Duster looks ahead to a time when he and Mayall will cease touring and says: “I still would eventually like to form my own 5 or 6 piece blues band. This association will make it possible, although I’m obviously going to lose the uniqueness of being a one-man band! I intend to play all my favourite clubs on my own during January as a sort of nostalgic tour before joining John. These will include Henry’s Blueshouse in Birmingham and of course The Angel, Godalming where I made my first public appearance in February, 1968.”

Duster will now be managed by the Gunnell office, who also manage Mayall. Duster Bennett, already having an established name, set a precedent in joining Mayall as John usually works with unknowns who rapidly become “names”, e.g., Eric Clapton, Peter Green, Keef Hartley, Jon Hiseman, Mike Taylor, Dick Heckstall-Smith, Aynsley Dunbar, John McVie and company.

[Editor’s Note: Duster Bennett’s regular exclusive column in “Big Bear” will keep readers up to date with the Mayall/Bennett situation in future.]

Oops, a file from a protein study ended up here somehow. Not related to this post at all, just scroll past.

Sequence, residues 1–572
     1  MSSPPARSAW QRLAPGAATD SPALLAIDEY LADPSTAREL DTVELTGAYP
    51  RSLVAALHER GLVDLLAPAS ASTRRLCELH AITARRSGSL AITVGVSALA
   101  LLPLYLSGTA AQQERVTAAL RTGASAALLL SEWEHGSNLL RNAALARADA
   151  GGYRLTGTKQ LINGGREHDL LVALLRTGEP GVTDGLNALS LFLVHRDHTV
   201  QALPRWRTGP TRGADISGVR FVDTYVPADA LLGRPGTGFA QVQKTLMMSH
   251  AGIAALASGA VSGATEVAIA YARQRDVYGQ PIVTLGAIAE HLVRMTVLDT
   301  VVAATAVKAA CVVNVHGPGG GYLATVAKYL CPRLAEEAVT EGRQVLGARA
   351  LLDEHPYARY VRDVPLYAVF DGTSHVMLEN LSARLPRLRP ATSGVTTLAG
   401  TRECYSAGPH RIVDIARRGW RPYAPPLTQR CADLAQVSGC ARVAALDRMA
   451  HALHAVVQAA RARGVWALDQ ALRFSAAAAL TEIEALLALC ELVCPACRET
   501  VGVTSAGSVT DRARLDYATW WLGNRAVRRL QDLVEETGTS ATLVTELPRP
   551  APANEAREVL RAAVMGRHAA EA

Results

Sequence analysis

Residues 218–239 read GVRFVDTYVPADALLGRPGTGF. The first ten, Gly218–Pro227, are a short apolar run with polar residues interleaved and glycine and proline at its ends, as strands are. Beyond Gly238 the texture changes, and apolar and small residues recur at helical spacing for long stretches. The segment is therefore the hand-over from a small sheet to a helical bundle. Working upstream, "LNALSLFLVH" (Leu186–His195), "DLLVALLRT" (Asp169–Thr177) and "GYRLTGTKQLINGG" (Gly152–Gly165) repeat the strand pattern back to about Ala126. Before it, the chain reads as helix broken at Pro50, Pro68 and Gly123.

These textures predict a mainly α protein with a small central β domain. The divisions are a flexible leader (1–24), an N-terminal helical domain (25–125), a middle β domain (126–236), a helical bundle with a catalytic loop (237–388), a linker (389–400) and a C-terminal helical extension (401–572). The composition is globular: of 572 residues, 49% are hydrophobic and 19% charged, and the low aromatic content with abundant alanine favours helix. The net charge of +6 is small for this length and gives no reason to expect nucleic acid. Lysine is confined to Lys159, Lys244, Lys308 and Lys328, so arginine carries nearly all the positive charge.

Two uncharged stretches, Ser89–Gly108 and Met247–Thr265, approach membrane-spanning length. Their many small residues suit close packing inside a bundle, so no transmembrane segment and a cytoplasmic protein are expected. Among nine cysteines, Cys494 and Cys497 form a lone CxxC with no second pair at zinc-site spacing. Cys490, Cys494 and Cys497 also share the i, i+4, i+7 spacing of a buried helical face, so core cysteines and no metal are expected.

Anthony ‘Duster’ Bennett was born in Welshpool, Powys in September 1946. He came to notice in the early 1960s art school underground music scene, standing out from the crowd as a one man band singing the blues and playing his 1952 Les Paul Goldtop guitar, harmonica on a chest rack and bass drum. His inspiration was Joe Hill Louis and Duster quickly became one of the most popular draws at Henry’s.

He was based, as I remember, in Lichfield or maybe Burton-On-Trent and his mother would drive him to Birmingham in her Morris Minor Traveller. We spent a lot of down-time together, talking blues and playing records, but after Henry’s closed he seemed to distance himself, though I never knew why. I would continue to book him whenever I could, but we were never again to be close.

Duster’s 1970 U.S. tour was a milestone for him, though he subsequently drifted off into more mainstream material with the soul, R&B and funk influences apparent in his last album, “Fingertips” [1975]. His “Jumpin’ At Shadows” was covered by Fleetwood Mac and in 1992 by Gary Moore, though the attempts by Mickie Most to help Duster gain wider appeal were not successful. I still find his four albums for Blue Horizon in the period 1968 to 1970 really well worth listening to.

The last time we met was on March 25 1976 at my Birmingham Town Hall promotion featuring the Tennessee bluesman Memphis Slim with Duster opening the show. Duster died late the following night after another performance with Memphis Slim [Burslem, Stoke-On-Trent]. He was driving home through Warwickshire when he apparently fell asleep at the wheel of his Ford Transit van, collided with a truck and was killed.

Duster Bennett was 29 years old.